The Plaintiff, a professional photographer filed a suit against the Defendants seeking direction from the Bangalore District Court for payment of a sum of Rs.1,56,025/- towards an invoice for services provided by her, with interest at the rate of 12% per annum. The Plaintiff entered an agreement with the Defendants for providing photography services with respect to products to be sold by the Defendant No.1, a company operating a chain of eateries/beverage stations under the name and style ‘Frootality’ in Hyderabad and Bangalore. As per the agreement, a sum of Rs.2,23,000/- was to be paid by the Defendants to the Plaintiff, who had to provide 62 photographs in two phases. Further, in pursuance of the agreement, the Defendant No.1 paid a sum of Rs.1,00,000/- to the Plaintiff as advance.
It was alleged by the Plaintiff that after completion of her assignment, she raised an invoice and Defendants neither raised any objections regarding the completion of the assignment nor made the payment. It was also the case of the Plaintiff that the Defendants No.1 and 2 utilized various services of the Plaintiff outside the scope of photography assignment and she also permitted the Defendant No.3 to reside with her. The Plaintiff alleged that she incurred an expense to the tune of Rs. 3,85,000/- in fulfilling these and that the Defendants blatantly violated her intellectual property rights.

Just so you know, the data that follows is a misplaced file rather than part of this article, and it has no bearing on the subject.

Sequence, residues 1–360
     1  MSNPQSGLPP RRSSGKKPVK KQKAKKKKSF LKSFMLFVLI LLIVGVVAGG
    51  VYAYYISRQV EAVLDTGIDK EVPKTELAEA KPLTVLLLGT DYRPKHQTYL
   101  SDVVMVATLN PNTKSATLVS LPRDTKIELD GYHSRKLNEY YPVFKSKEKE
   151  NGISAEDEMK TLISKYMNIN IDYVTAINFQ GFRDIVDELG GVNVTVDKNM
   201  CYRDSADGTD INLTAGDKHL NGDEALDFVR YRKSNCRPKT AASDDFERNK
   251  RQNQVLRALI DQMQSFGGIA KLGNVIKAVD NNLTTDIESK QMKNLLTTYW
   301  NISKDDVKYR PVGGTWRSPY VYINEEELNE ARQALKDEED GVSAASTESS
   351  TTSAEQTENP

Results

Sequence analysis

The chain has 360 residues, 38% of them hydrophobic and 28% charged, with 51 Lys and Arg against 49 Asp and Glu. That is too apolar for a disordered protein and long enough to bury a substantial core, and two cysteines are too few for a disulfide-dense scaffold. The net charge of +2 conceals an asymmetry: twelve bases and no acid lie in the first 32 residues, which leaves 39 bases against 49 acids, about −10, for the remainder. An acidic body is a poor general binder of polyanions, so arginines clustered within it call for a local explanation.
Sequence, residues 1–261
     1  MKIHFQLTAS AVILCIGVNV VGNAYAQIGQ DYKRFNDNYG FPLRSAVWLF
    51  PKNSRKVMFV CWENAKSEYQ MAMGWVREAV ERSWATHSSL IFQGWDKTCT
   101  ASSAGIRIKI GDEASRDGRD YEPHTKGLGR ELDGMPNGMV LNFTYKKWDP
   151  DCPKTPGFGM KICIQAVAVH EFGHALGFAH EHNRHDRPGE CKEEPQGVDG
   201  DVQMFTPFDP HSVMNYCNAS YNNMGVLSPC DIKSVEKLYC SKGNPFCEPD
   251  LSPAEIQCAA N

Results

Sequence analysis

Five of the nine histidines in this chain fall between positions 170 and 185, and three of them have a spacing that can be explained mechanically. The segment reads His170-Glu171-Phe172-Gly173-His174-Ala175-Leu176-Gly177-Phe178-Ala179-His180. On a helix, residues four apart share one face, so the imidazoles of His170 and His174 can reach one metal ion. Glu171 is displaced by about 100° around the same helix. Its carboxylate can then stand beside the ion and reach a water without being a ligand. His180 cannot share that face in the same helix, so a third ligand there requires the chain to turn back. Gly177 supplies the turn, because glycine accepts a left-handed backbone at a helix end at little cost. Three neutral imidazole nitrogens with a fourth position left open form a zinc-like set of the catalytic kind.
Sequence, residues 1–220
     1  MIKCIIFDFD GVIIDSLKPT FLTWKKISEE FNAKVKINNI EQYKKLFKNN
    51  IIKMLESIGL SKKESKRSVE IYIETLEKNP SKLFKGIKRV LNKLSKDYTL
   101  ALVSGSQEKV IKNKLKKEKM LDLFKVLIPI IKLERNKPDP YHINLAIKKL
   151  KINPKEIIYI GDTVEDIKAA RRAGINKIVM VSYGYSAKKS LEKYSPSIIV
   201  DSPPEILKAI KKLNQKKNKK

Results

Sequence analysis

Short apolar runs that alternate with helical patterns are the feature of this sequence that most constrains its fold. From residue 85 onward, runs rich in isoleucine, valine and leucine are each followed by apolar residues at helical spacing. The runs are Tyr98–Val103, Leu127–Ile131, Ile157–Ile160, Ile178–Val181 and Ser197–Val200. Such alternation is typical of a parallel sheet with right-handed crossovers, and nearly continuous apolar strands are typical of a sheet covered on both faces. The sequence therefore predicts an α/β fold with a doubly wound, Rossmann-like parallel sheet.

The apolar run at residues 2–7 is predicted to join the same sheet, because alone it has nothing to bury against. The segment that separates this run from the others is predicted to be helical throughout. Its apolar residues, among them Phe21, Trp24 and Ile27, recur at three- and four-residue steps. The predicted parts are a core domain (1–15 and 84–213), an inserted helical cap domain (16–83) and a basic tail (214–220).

The Court held that owing to the facts and circumstances of the case, the burden was on the Plaintiff to prove that she provided photography services to the Defendant and that the Defendants were liable to pay damages and compensation for the additional services rendered by the Plaintiff and for unlawful use of photographs clicked by her. The Plaintiff placed on record evidence which included a copy of email communications between Plaintiff and Defendants, a copy of the invoice, a C.D. containing photographs, screenshots of websites of defendants, and a copy of the notice. The Court, after examining the evidence, concluded that the Plaintiff successfully established that she provided the services to the defendant, who agreed to pay the amount that was claimed by her and the interest amount was also held to be appropriate. However, with regards to the additional services and unlawful use of photographs, except the issuance of notice no other evidence was available. The Court held that in absence of any cogent material, Plaintiff was not entitled for damages and compensation as claimed in the plaint.
Citation: Cristina Maiorescu vs M/S Nishangi Enterprises Pvt. Ltd, on 24 September, 2021, available at: Maiorescu vs M/S Nishangi Enterprises Pvt. Ltd, last visited on 6th October, 2021
Latest Copyright Cases in 2021